Public service superannuation

AuthorChristopher Rootham
 
e federal government has been providing super annuation to federal public ser-
vants in one form or another since . e rst federa l government wanted
to encourage the retirement of a sign icant number of civil ser vants who had
been taken over as part of t he transfer of certain se rvices from the provinces to
the new post-Confederation federal government. erefore, in  t he federal
government appointed a commission of senior civi l servants (the Langton com-
mittee, named for its chai r, John Langton) to exa mine the problem. At that time,
the common method of run ning superannuation pla ns was to provide retiring
allowance s based on length of ser vice. ose retiri ng allowances were somet imes
nanced throug h employee contributions (of up to  percent of a civil serva nt’s
salary), and someti mes nanced entirely through t he government. Governments
at that time d id not maintai n separate interes t-earning f unds to nance sup er-
annuation plans: i f employee contributions could not pay for that year’s retire-
ment benets, then the government would simply ma ke up the dierence. e
British government, for exa mple, abolished employee contributions i n , and
did not reinstate them unti l aer .
e Langton commit tee, on the other hand, recommended a compulsor y
contribution scheme whereby employees would bear hal f the cost, and the public
SeeSee Margolis v. Canada, [] F.C.J. No.  (T.D.) [Margolis]. Superannuation plans
have always been est ablished by legislation. e te rms of those plans are not subjec t to
collective ba rgaining: Publi c Service Labour Rel ations Act, S.C. , c.  , s. ; s. ()
[PSLRA]. e public service sup erannuation plan is monitore d by a Pension Advisory
Committee, w hich has the mandate to rev iew the operation, design, a nd funding of
benets provided: Public Se rvice Superannuation Act, R.S.C. , c. P-, s. .
502           
would bear the other ha lf of the cost. e government rejected that rec ommenda-
tion, and decided that employees should bea r a greater proportion of the costs.
erefore, when it enacted the Superannuation Act in , it set out contribution
rates that were designed to cover the f ull cost for new employees: employee con-
tributions were  percent on salar ies of  and above, and . percent on lower
salaries. ese contributions would not cover the full cost of pension benets in
the short term, but the superan nuation plan was meant to be sel f-supporting in
the long run. e basic benet formula i n  was  percent of the average salary
over the last three year s of service for each year of service w ith a  percent max-
imum. Contributions therefore cease d aer thirt y-ve years. e Act contained
special provisions for gratuities or pensions in the case of compulsory retirement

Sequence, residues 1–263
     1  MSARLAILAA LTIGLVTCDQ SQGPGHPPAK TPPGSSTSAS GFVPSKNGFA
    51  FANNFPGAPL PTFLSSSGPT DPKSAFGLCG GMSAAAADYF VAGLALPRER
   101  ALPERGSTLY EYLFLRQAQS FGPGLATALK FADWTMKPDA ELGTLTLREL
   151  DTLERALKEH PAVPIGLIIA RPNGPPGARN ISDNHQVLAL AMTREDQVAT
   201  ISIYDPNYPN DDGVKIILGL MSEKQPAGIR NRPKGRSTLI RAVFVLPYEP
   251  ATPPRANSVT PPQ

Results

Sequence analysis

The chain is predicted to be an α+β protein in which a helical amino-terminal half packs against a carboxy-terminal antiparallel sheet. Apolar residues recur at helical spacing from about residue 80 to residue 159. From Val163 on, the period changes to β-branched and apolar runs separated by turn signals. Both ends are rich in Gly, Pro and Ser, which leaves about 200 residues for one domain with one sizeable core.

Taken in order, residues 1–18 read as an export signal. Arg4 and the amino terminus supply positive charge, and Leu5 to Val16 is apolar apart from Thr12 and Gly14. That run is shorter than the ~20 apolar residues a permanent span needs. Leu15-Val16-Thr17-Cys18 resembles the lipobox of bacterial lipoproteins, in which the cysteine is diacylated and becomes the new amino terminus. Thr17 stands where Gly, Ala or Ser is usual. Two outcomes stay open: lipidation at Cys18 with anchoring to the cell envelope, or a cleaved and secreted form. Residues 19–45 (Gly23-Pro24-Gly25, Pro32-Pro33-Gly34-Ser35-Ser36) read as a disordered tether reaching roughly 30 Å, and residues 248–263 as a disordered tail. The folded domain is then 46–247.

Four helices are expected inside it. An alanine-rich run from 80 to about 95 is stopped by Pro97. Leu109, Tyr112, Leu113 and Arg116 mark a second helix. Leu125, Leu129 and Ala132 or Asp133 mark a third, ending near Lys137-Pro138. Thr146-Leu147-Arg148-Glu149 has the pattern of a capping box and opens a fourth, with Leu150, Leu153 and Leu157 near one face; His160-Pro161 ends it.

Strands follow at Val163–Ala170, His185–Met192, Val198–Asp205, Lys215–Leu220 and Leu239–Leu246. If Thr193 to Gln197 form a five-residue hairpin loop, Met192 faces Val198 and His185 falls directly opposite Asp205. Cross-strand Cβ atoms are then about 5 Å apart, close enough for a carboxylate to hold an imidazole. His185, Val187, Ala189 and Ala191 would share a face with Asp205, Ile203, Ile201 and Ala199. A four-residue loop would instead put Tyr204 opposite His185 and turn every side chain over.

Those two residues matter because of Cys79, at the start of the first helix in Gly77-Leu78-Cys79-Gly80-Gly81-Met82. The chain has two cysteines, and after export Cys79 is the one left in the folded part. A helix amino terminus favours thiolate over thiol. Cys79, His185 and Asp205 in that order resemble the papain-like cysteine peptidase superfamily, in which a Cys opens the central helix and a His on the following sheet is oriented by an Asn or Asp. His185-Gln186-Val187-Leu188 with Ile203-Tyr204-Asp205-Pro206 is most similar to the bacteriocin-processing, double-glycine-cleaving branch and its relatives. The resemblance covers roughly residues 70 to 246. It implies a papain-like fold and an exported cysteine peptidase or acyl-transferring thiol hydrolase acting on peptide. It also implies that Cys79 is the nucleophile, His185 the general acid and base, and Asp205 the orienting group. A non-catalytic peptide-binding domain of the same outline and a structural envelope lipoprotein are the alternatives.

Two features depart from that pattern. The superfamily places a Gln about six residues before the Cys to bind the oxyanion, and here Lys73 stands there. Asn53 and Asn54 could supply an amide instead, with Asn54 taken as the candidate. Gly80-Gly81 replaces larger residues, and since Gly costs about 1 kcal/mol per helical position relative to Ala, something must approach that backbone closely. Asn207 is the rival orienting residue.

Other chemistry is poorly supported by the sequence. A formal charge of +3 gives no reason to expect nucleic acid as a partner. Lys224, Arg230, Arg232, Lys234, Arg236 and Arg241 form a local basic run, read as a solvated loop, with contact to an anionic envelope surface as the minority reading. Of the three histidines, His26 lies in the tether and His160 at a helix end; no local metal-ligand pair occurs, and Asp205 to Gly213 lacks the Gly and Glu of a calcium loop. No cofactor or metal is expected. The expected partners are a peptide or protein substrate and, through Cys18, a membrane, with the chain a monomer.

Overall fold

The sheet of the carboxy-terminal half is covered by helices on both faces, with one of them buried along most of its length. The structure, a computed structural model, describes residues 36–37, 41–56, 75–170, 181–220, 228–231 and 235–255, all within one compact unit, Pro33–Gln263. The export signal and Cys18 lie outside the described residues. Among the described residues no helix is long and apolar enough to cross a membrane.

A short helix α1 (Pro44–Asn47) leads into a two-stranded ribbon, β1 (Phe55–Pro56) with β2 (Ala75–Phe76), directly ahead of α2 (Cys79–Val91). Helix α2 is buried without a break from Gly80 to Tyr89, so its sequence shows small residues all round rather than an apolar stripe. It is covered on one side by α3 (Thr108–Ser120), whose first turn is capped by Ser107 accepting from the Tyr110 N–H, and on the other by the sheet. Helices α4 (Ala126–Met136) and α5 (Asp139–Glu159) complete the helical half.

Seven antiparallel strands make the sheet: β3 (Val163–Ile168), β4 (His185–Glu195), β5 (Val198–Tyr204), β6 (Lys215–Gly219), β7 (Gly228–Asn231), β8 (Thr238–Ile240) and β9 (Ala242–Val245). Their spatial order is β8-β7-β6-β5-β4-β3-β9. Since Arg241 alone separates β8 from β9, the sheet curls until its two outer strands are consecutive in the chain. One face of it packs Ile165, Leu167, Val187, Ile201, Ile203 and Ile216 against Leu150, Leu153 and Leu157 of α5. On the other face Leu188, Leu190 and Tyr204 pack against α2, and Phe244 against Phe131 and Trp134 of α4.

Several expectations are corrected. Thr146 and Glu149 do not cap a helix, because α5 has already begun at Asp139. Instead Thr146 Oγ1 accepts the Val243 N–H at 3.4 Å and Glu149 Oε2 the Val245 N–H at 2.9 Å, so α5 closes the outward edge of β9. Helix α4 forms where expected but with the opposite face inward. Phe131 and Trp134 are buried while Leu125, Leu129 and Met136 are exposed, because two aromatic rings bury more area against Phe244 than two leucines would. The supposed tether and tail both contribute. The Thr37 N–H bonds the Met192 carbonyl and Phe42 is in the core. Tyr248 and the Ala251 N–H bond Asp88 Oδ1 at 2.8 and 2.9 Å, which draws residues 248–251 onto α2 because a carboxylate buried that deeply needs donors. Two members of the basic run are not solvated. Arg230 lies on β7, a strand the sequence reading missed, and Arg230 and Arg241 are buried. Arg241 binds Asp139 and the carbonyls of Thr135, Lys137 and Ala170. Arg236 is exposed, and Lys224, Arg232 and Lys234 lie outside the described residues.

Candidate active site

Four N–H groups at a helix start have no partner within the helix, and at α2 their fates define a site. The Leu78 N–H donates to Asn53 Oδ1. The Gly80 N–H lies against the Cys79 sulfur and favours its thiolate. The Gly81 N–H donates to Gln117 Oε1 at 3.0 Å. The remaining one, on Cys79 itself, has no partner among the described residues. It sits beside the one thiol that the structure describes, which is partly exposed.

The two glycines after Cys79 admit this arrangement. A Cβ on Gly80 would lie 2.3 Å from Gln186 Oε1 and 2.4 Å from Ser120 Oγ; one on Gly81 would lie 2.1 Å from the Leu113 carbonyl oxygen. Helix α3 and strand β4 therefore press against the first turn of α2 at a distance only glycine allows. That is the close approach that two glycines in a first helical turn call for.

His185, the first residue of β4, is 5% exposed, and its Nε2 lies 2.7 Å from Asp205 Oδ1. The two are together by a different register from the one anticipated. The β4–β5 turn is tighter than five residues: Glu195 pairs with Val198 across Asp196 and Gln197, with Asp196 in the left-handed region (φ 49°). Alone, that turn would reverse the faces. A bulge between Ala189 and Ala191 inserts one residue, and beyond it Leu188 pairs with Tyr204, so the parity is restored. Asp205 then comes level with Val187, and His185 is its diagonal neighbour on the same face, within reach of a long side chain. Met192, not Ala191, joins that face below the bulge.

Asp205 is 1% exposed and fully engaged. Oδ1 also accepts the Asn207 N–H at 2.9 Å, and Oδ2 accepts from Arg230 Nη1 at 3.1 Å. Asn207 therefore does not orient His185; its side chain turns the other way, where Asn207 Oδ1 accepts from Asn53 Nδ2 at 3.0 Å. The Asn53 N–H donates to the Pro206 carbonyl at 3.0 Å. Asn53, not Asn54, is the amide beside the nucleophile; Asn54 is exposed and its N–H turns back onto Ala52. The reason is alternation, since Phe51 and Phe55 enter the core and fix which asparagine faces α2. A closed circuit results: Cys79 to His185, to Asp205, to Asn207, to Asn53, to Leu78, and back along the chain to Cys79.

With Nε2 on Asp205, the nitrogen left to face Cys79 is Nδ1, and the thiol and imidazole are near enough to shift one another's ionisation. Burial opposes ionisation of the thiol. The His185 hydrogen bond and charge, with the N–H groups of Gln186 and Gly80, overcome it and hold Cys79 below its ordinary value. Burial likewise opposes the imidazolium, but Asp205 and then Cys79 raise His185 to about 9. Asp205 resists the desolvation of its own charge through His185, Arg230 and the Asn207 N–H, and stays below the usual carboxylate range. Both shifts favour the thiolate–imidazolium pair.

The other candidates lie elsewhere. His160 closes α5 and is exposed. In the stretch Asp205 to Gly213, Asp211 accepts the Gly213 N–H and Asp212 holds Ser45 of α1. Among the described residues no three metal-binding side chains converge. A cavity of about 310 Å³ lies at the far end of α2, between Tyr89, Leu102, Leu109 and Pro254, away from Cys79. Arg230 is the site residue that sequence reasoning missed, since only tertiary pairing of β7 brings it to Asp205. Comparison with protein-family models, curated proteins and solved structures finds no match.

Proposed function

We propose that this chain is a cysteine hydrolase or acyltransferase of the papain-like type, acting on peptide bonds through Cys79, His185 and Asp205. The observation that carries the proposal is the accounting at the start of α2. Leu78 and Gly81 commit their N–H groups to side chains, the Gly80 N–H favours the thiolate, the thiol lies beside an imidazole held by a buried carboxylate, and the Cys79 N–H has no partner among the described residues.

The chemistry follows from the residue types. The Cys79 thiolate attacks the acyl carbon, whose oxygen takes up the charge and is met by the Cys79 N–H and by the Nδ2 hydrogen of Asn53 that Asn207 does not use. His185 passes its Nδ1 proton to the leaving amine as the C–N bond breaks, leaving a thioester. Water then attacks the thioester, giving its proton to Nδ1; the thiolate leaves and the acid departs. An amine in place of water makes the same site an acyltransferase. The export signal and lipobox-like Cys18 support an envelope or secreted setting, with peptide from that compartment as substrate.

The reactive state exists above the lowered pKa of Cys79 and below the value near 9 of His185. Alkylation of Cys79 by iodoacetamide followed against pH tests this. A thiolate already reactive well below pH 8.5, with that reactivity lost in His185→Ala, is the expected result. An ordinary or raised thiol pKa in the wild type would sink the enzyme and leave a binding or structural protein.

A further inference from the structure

before age sixty w ith service of less than ten ye ars, or on abolition of oce. ere
was no return of contribution in t he case of death or termination of serv ice which
did not qualif y for a pension or gratuity. One of the stated purposes of the super-
annuation plan wa s to encourage people to join the civ il service: by ref using to
return their supe rannuation contributions, the Act a lso discouraged people from
leaving the civ il service.
By , employee contributions were no longer sucient to fund pension
payments, and the government was eect ively paying for half the cost of the
superannuation plan (as suggested by t he Langton committee). By , the total
contributions by employees were ,, and the total p ension payments were
,: so much for the “pay as you go plan.” In , the federal government
closed the old superan nuation plan to new employees, and star ted a new plan
with a contribution rate of  percent on sala ries under , and . percent for
salaries over . Employee contribut ions were put in a fund (the Supera nnua-
tion Fund No. ), and their benets were to be charged to t his fund. Unlike t he
original supera nnuation plan, this fu nd earned interest at the rate of  percent
per annum. e government was requi red to make good the full amount of any
deciency in the fu nd, based on an actuarial va luation of the prospective a nnu-
ities payable from that fu nd. In eect, the government had to make good any un-
funded liabil ities in the fund each year. is usef ul change to the law was quickly
overturned when the Liber als won election in , and in , the government
closed the Act to new entrants c ompletely. Civil servants at the time d id not all
protest this decision. Civ il servants were diss atised with the supera nnuation
plan at the time, especially concerning the strict conditions for eligibility, the
lack of survivor pension bene ts, and the non-return of contribut ions for those
who did not qualif y for pensions. Moreover, the plan was conned to “perma-
nent” employees, leavi ng “temporary” employees wit h no retirement income for
their work. e  “reforms” did address the concer n about return of contribu-
tions at least. e new sup erannuation plan re quired employees to contribute 
percent of their salar y each year to the plan, and the plan ear ned interest at the
rate of  percent per annum, compounded biannua lly. Employees who died in

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